Best use of your assets

Jon Godfrey highlights what councils need to consider when disposing of IT equipment and what benefits an asset management programme can bring

The WEEE Directive has raised the awareness of recycling and data security, but many organisations - whether they be private companies or local authorities - are still unsure of the risks that come from not disposing of their surplus or end-of-life IT equipment. This is because redundant equipment is almost always seen as waste and therefore not important. But it's time to move away from this viewpoint and begin to see end-of-life equipment as assets.

There is an intrinsic value to WEEE in relation to the materials that can be extracted from the waste equipment. But for local authorities, the true value for the end-of-life machinery is much higher. This is due to often sensitive and confidential information held on the equipment or indeed the value of the equipment as a reusable item.

As the world continues to move to digital formats and more confidential information is held electronically, then ensuring data security when equipment is discarded should be the number one concern for local authorities. LAs with end-of-life IT equipment to dispose of should be considering an asset management programme.

A well thought-out asset management programme will not only ensure sensitive information and equipment is disposed of securely and in accordance with the current regulations, it can also help expand the life span of the equipment. This means it can be reused, either by the disposing authority or by another third-party organisation.

Working with an asset management company, councils can undertake an appraisal of their redundant equipment to define its condition. Components and software are also evaluated to see which parts are available for reuse, including software packages and licences. After this, it can then be agreed which option is best to take. Typically, this can be one of three routes: refurbishment of the units, the remarketing of the units, or the total destruction of the equipment.

Breathing new life into old equipment
The refurbishment option can expand the life span of old IT equipment by up to three times. This means that equipment that would have been thrown away can be deployed back into the LA - reducing IT expenditure. The equipment is electronically data purged to ensure that any information previously held is removed.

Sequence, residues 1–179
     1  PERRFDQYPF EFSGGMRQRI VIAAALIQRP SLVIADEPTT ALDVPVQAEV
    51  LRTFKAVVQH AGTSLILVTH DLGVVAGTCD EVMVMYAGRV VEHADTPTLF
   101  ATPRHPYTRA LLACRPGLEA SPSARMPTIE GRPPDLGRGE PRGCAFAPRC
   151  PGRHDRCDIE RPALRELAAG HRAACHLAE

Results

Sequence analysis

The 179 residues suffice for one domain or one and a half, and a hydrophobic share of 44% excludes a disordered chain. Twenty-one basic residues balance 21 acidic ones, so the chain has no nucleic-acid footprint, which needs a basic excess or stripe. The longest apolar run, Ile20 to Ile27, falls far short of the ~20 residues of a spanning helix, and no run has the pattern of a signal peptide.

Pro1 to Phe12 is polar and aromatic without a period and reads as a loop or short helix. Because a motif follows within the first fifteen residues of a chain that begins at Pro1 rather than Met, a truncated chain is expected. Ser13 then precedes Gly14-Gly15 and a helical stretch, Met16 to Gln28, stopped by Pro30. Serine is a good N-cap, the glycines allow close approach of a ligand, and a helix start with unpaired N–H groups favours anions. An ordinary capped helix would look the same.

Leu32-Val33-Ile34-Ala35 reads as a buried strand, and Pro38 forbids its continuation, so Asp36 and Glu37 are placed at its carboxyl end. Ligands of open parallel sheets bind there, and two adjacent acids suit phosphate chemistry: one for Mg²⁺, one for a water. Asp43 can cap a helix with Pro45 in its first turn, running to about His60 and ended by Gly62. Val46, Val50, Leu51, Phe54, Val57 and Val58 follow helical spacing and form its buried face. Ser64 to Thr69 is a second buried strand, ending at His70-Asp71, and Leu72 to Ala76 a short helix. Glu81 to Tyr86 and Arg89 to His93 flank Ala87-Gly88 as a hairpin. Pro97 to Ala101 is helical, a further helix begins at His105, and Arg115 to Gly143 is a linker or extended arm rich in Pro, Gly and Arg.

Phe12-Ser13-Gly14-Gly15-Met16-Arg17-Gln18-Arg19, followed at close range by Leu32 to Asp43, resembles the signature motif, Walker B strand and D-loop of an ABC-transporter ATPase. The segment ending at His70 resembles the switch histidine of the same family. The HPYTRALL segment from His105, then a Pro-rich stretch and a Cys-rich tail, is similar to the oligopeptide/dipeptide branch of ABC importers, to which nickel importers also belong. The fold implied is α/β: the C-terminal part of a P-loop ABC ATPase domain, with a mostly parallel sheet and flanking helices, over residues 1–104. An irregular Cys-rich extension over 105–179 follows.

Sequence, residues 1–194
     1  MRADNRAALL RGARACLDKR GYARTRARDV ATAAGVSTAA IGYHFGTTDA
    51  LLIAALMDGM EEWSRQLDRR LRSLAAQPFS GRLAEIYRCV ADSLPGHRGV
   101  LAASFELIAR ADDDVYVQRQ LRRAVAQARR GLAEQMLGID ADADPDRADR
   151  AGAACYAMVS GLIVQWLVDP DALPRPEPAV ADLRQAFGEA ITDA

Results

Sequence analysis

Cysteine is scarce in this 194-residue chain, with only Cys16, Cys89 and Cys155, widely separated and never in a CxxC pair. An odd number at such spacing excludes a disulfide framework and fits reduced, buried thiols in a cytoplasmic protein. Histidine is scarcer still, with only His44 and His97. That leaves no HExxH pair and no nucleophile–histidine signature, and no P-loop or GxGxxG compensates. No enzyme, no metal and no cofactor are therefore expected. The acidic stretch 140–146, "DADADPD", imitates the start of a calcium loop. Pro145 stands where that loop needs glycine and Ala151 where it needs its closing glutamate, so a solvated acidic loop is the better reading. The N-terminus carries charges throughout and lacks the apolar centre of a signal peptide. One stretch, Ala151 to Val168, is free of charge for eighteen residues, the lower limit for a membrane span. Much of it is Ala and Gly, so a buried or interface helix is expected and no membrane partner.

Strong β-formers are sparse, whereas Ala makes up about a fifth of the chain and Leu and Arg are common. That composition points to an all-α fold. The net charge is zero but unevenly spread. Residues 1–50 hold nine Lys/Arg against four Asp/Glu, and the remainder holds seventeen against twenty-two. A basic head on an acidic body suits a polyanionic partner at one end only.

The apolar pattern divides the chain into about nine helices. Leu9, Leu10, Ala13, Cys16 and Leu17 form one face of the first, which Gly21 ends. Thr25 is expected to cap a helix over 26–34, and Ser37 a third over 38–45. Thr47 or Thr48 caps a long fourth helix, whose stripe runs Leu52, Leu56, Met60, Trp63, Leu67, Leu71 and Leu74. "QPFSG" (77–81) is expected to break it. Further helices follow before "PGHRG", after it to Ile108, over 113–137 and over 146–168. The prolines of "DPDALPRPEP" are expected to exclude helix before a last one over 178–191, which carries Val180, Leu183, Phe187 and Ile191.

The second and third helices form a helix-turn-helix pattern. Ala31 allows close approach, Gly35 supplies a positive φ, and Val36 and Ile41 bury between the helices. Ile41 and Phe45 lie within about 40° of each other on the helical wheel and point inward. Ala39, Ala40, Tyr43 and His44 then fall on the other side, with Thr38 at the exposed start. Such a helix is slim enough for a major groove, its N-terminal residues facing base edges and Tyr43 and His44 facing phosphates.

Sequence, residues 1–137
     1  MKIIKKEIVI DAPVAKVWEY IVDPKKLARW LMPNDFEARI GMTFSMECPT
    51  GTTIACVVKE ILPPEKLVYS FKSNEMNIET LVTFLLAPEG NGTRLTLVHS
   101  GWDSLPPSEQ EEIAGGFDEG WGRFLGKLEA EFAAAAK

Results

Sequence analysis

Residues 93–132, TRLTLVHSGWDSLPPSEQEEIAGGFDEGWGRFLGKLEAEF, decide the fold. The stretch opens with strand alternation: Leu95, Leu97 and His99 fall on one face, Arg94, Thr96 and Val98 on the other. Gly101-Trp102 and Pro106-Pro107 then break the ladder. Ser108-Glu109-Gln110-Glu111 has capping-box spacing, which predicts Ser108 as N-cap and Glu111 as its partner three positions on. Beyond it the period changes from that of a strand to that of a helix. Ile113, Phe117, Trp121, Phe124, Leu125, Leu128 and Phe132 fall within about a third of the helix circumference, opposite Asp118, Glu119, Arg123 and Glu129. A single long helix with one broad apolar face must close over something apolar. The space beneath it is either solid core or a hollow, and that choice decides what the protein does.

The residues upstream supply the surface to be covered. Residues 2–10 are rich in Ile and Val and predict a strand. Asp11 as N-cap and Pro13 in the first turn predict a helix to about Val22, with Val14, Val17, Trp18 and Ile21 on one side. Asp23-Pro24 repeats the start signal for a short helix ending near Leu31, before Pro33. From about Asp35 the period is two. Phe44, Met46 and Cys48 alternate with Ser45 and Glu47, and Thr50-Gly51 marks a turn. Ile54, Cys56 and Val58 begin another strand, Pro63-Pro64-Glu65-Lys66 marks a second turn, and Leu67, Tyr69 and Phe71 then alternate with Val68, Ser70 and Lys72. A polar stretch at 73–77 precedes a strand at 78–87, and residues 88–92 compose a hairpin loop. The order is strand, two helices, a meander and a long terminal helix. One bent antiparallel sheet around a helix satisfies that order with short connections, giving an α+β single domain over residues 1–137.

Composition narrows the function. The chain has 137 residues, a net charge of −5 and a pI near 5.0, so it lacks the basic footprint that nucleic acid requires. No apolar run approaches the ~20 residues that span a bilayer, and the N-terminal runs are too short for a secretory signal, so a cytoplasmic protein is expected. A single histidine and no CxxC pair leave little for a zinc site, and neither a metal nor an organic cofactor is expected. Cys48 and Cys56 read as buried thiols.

The units are then refurbished to as-new status. This can include the replacement of broken parts, cleaning of the system, reloading software and programs and setting the unit up to the organisation's standards and wishes.

There are many standards for data purging. In the UK, the standard is set by the Communications Electronic Security Group, part of the Government Communications HQ. This is the only one acceptable for UK government departments and local authorities. Decision-makers should therefore make sure that any asset management partner used operates to the aforementioned standard.

Should the disposing authority no longer have a need for the equipment, the units could be reused, in this case, a remarketing programme would be the best option. At Sims Lifecycle Services, for example, we take the machines, refurbish them as above, removing any identifying marks, before providing a sales channel for the resale of the redundant equipment. This creates a way for the disposing organisation to realise a value in its end-of-life equipment, which can be used to offset the cost of the IT infrastructure.

Security comes first
But, for many councils, security will be the main priority. They will not want the redundant equipment to be reused, either internally or externally. The only option will be full destruction of the equipment. Again, there are certain standards set out for full destruction and the only way to ensure total destruction is to shred the hard drives. At Sims, we reduce the equipment down to 6mm pieces and recycle the units, ensuring that the information and unit can never be used by anyone ever again.

Finally, if security and cost savings aren't reason enough for LAs to reconsider how they deal with their end-of-life IT equipment, then environmental best practice should be. When you consider that it takes 1.8 tonnes of the earth to make just one computer and, on average, 265M new computers are made each year, then we can see the huge demands we are placing on the planet as we strive to keep abreast of the latest technology. Suddenly, reusing the resources we already have become more important than ever.

With technology moving at pace, more and more information being held electronically and ever more scrutiny over public spending, an asset management programme could be the answer for local authorities striving to ensure that they are making the most of their redundant assets whether it for the good of their reputation, budgets or the environment.

Jon Godfrey is director of strategic relationships at Sims Lifecycle Services

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